Bret Kugelmass
One of the most advanced nuclear countries in the world. I mean, you guys are the ones that are building medical isotope reactors that go around the world to countries like Australia and the Netherlands.

Rafael Grossi
So I have this opportunity to see research reactors, nuclear power plants, fuel, fabrication facilities. I don't know, hot cells, radioisotope, everything, everything. So quite clearly, that changed my life. Because I fell in love immediately with that. And with the non-proliferation issues. These were the days that were, of course, also at the global level, all the changes were happening with Gorbachev and Reagan. And so for me, I couldn't imagine that anybody else would choose any other topic. That was the topic, non-proliferation was the best.

Bret Kugelmass
And just to break it out for the audience who might not know, non-proliferation, non-proliferation means weapons, stopping weapons, so stopping...

Rafael Grossi
Stopping the spread, stopping the spread of weapons, of course, disarmament is the other side, which is, which is of course, very important. That is another discussion if you want, but for us, it was relevant for us. The non-proliferation part, which goes side by side with another big chapter in my life and in the regions developed, which was all our things with Brazil, because very quickly, we got into this, this dance with Brazil. You have to remember both countries, we're coming from a long period of military rule, both countries with nuclear latency if you want both countries, against the NPT, right? It was another world, it was not unimaginable.

Bret Kugelmass
NPT. That's the non-proliferation treaty.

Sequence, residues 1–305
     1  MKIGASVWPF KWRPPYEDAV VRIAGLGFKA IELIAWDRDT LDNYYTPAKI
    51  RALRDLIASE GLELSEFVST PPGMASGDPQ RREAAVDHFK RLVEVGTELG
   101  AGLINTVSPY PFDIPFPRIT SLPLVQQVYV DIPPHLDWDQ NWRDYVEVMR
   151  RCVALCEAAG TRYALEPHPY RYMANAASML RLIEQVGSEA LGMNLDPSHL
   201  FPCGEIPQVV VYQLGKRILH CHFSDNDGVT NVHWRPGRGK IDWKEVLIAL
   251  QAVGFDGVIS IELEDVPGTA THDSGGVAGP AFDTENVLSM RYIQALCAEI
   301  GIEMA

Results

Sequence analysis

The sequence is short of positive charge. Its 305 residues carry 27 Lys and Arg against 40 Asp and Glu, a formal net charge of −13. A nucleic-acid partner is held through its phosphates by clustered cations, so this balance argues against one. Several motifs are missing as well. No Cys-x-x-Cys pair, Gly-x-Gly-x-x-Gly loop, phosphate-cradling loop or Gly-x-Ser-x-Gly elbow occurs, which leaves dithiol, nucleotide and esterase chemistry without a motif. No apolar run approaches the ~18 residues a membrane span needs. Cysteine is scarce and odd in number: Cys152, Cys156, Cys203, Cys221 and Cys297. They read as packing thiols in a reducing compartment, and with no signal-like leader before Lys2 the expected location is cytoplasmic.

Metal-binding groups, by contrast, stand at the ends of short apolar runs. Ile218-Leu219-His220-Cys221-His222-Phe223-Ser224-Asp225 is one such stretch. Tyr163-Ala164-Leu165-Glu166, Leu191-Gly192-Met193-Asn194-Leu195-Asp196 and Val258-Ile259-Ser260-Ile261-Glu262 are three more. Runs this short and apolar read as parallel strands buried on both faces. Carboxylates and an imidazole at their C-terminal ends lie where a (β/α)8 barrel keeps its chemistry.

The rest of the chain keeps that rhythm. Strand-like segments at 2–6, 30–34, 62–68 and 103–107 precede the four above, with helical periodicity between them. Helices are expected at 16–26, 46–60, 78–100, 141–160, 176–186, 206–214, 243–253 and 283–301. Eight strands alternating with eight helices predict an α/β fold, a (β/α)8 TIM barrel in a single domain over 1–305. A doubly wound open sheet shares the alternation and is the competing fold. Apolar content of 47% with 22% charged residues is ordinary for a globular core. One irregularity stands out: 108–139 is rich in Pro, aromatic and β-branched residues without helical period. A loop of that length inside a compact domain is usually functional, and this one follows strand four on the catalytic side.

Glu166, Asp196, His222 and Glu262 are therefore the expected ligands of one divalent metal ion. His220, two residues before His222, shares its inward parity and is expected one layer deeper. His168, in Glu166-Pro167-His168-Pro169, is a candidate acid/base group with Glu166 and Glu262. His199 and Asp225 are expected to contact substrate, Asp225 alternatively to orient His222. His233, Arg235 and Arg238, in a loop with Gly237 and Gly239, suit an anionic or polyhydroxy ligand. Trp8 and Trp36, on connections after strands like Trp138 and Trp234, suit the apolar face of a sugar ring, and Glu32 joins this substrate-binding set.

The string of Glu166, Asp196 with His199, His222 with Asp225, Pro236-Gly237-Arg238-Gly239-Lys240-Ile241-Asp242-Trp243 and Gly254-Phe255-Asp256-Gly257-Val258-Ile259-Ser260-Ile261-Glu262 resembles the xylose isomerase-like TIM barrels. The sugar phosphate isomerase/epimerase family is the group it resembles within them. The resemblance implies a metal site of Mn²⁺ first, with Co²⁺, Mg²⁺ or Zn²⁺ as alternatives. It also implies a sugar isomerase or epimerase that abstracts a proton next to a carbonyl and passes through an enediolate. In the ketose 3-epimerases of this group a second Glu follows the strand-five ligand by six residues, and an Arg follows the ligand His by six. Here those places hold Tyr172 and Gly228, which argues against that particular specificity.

Rafael Grossi
That's the non-proliferation treaty, and neither Argentina, nor Brazil, were subscribing to it. So basically, there were concerns all over the world about that. But of course, with a return of democracy, common sense came back and the enlightened leadership of both countries decided to move away from that, but that took a lot of effort as you can imagine, we have to imagine how to put these two countries together. And we came up with something which is incredibly original in the form of a binational deal, the binational inspectorate will exist.

Bret Kugelmass
Actually, that's very interesting. So that means Brazil and Argentina are able to kind of look at each other, independent of other organizations that might not have been together.

Rafael Grossi
It's not independent, it's together. Argentina, Brazil, the IAEA and the regional Inspectorate, which is called ABACC or ABACC, Argentine Brazilian Accountability and Control Agency, ABACC. They have a quadripartite agreement. So we, I speak say we, I am no no longer there, I'm IAEA, but Argentina sends inspectors to Brazil, Brazil sends inspectors to Argentina, the IAEA is there, everybody is there. So the whole thing now is being studied, you know, in other regions in Southeast Asia, of course, and in the Middle East, as an example of what one could have as a way to move forward in the non-proliferation world. So although all of this jazz was part of my formative years, as a diplomat, so you can imagine why it was amazing. He was amazing. I was there and when the President, imagine it, look, it's like a movie, when the President of Argentina decided to invite the President of Brazil to visit a secret facility where Argentina was enriching uranium, how about that? Oh my god, that was historic. That was amazing. In the, you know what Patagonia is, apart from being, you know, sports clothes, is a really huge region in the south of Argentina and Chile. And this facility was of course, as in a good movie was in the middle of nowhere

Bret Kugelmass
In the middle of a mountain lair.

Rafael Grossi